Forgiving

Don’t you just hate the clichés about forgiving? And that “forgetting” part? Ridiculous! Sorry, I was given a brain, and it’s really quite good at recalling stuff. Maybe less impressive with names and certain dates, but really good at remembering how others’ have betrayed my trust.

I’ve read just about everything one can about letting go of anger. I have been told, “you have to forgive, in order for you to find peace”. And, whilst this is easy to want, deciding to forgive and feeling peace can seem entirely impossible. It doesn’t matter that just about every religion/philosophy in the world come together in this. I desire peace, I really do. I simply am stuck with my conception of justice sometimes.

I know what it feels like to be lied to, abused, controlled, forgotten, rejected or in some other way wounded by someone you loved and trusted. I know that you do too. Every one of us has been wounded by others in some form or other and I count myself extremely blessed and fortunate when I hear another’s story. It is often enough to bring me back to gratitude. But yet, it is easy to get caught up in the moment with that sense of injustice hanging over my head.

 

When it does I can feel sick in my core to think that people that have betrayed my trust will just walk away scott-free. I want revenge. I want retribution. The fantasies that follow in my head are outrageously ridiculous sometimes. Perhaps this is why I used to enjoy violent movies, because I could find the similarities in the reactions to betrayal in the movie. Back-stabbers beware.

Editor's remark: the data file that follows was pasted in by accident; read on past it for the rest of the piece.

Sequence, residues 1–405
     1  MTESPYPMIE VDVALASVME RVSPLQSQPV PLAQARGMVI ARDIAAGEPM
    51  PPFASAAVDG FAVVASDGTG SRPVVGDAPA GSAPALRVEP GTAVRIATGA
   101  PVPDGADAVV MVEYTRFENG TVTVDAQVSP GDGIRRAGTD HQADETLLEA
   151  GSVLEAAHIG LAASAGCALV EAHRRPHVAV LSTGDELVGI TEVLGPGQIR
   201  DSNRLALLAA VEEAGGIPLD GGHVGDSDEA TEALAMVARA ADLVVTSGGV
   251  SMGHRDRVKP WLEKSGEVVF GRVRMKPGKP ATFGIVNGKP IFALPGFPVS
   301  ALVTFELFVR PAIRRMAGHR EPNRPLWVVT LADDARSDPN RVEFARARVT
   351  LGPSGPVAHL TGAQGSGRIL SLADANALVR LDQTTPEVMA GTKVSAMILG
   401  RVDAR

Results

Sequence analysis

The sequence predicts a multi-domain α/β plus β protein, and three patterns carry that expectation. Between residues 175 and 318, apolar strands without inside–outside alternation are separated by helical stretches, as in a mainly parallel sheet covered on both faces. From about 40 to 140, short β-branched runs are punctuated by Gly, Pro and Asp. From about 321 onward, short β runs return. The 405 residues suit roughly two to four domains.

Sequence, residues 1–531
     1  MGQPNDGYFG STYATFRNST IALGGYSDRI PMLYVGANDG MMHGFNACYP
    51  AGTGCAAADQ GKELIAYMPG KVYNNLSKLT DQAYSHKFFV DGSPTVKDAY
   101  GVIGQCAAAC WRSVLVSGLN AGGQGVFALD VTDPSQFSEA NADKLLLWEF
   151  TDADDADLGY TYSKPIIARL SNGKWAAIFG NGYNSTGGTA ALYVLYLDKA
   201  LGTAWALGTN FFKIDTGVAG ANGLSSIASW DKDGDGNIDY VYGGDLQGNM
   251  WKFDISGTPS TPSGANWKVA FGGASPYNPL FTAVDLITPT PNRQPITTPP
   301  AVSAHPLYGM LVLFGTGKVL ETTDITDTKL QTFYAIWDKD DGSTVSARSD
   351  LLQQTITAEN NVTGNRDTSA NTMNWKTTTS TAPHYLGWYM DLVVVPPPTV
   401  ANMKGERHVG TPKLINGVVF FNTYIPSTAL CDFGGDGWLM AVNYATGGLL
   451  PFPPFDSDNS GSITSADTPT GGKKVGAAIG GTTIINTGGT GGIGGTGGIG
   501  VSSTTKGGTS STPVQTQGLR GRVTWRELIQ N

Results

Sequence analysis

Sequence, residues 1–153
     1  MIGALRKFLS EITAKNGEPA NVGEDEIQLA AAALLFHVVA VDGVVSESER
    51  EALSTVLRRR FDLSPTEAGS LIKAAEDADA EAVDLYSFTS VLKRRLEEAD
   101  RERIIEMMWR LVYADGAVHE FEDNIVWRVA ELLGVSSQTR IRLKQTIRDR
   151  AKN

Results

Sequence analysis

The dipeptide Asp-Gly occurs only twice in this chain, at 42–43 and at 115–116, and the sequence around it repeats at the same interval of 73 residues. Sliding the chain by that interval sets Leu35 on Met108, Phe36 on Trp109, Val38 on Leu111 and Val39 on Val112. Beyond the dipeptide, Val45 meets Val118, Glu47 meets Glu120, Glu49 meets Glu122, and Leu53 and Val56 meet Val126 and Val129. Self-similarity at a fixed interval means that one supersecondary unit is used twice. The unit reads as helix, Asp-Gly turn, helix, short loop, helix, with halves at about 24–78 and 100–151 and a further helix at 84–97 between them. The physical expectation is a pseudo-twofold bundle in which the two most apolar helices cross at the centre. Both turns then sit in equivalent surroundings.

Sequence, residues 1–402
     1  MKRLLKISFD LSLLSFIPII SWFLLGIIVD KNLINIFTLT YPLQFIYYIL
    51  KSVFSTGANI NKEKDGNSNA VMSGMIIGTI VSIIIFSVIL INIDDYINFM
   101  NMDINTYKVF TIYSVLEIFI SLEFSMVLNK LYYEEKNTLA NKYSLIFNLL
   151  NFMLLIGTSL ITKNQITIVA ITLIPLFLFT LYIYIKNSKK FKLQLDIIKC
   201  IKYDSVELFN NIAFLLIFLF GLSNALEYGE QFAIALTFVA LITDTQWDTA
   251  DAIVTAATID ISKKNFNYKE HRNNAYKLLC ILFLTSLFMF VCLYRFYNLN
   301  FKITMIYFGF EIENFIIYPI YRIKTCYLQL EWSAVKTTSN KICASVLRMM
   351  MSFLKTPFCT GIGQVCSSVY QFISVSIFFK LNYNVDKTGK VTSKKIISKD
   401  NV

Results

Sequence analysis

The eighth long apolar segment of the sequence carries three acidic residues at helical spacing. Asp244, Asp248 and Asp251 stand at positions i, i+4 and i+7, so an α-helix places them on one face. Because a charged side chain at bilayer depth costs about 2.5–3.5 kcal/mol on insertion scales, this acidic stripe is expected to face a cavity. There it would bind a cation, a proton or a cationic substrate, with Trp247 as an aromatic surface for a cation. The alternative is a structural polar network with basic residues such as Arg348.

Clinging on to this fantasy of revenge is because we’re simply not ready to give up on the fight for justice. So, we hold onto anger. We justify our anger and we stew and poison our soul. And we transmit that poison to every person we interact with. Anger glosses over the hurt and damage that has been done, and instead it tells us that vengeance will somehow make everything alright.

Forgiveness seems impossible. We want to forgive, because we know it’s the healthiest choice to make. We want to find that peace that comes from forgiveness. We want the madness in our brains to quiet down, and yet we cannot find a way to get there. It is only when the suffering of not forgiving outweighs the desire to set things right, that the willingness to forgive enters our lives. At that moment, the decision that restoring your own peace is finally a bigger priority than disrupting someone else’s.